In our prospective study, we observed no associations between plasma levels of FGF23, intact PTH, and phosphorus and subsequent risk for incident nonfatal MI or fatal CHD. The odds ratios for CHD associated with phosphorus were less than 1, and the upper bound of the 95% confidence interval excluded a clinically meaningful increase in risk.
Much of the interest in FGF23 as a potential biomarker for CVD was generated by studies in individuals with chronic kidney disease who have circulating levels of FGF23 several orders of magnitude higher than in our study population. For example, hemodialysis patients in the highest quartile of c-terminal FGF23 (FGF23 levels > 4010 RU/mL) had a multivariate odds ratio of 5.7 (95% CI 2.6-12.6) for 1-year all-cause mortality compared to participants in the lowest quartile (FGF23 < 1090 RU/mL).4
Recent data suggest that higher FGF23 also may be associated with cardiovascular disease in individuals with normal kidney function (and concomitantly much lower concentrations of plasma FGF23). In a prospective study of 833 individuals in the Heart and Soul Study (mean eGFR >70 mL/min per 1.73 m2
), participants in the highest tertile of plasma FGF23 had an 83% increase in cardiovascular disease events compared to the lowest tertile.8
The median plasma level of c-terminal FGF23 in Heart and Soul was 43.1 RU/mL.
There are several possible explanations for the apparent contradiction between the null associations we observed between FGF23 and CHD and the positive associations reported in Heart and Soul. First, unlike our study participants, individuals in Heart and Soul had CHD at baseline. Thus, it is possible that FGF23 is associated with severity of existing CHD but not development of CHD. Second, the majority of CVD events in Heart and Soul were heart failure and stroke or transient ischemic attack. Notably, FGF23 levels were not associated with risk of MI in Heart and Soul. Third, it is possible that the relatively long time of follow-up in our study (10 years) attenuated the magnitude of risk associated with a single plasma measurement of FGF23. The median follow-up in Heart and Soul was 6 years. However, restriction of our analyses to 6 years of follow-up did not change our results and we demonstrated low within-person variation in FGF23 levels over time.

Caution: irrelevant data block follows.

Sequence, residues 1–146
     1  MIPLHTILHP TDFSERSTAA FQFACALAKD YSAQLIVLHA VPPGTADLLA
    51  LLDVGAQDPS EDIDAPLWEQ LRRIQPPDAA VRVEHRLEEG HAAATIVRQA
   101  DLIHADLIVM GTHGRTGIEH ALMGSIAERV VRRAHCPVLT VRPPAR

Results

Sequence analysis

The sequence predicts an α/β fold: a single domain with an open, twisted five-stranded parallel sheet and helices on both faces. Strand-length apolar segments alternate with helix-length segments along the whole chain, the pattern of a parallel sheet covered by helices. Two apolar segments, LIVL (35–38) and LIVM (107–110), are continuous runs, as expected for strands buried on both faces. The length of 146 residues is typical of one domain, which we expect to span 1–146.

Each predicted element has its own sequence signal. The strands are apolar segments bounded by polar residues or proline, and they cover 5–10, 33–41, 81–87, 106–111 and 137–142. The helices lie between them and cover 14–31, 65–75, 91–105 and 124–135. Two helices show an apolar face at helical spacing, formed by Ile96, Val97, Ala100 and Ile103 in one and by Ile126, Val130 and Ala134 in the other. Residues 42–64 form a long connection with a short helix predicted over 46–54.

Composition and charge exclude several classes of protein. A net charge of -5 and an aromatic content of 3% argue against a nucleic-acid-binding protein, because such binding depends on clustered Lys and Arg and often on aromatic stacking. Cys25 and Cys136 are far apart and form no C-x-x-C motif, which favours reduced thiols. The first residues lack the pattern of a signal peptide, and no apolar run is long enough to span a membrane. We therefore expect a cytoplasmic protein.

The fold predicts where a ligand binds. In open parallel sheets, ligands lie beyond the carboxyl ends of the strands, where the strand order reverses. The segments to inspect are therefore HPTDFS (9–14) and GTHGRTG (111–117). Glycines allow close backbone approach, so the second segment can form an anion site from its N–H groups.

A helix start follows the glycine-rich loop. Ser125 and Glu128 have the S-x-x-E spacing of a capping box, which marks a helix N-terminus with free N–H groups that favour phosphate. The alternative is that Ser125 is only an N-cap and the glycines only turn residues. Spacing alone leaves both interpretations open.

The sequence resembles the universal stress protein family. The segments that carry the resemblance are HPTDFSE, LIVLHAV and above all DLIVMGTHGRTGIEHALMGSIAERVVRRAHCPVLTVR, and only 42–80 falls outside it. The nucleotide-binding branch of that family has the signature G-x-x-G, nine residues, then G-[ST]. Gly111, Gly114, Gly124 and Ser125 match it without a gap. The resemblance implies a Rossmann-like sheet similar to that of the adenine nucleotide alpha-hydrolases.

Historically, interest in the potential effect of PTH on CHD risk was generated by the results of studies reporting increased rates of all cause and cardiovascular mortality in individuals with primary hyperparathyroidism.21, 22
Similarly, the higher PTH levels in individuals with chronic kidney disease led to speculation that PTH was a “uremic toxin” partly responsible for the high rates of CVD death in individuals with impaired kidney function.2, 3
To our knowledge, only one prospective study to date has reported an association between plasma PTH (independent of simultaneously measured plasma 25[OH]D) and CVD in a population of individuals with predominantly normal kidney function.5
In 958 male participants of the Uppsala Longitudinal Study of Adult Men (ULSAM) followed for a median of 9.7 years, each standard deviation increase in PTH was independently associated with a 38% greater risk for cardiovascular mortality.5
In contrast to ULSAM, we did not identify an association between plasma PTH and subsequent CVD. However, the numbers and definitions of outcomes in our study were substantially different than in ULSAM. The ULSAM investigators observed only 53 incident cases of cardiovascular mortality. In addition, the ICD-9 and ICD-10 administrative codes used to classify death as cardiovascular in ULSAM encompassed a wide array of potentially disparate diseases, including stroke, pulmonary embolus, pulmonary hypertension, and rheumatic heart disease. Our 422 cases of non-fatal MI and fatal CHD were confirmed by medical record review.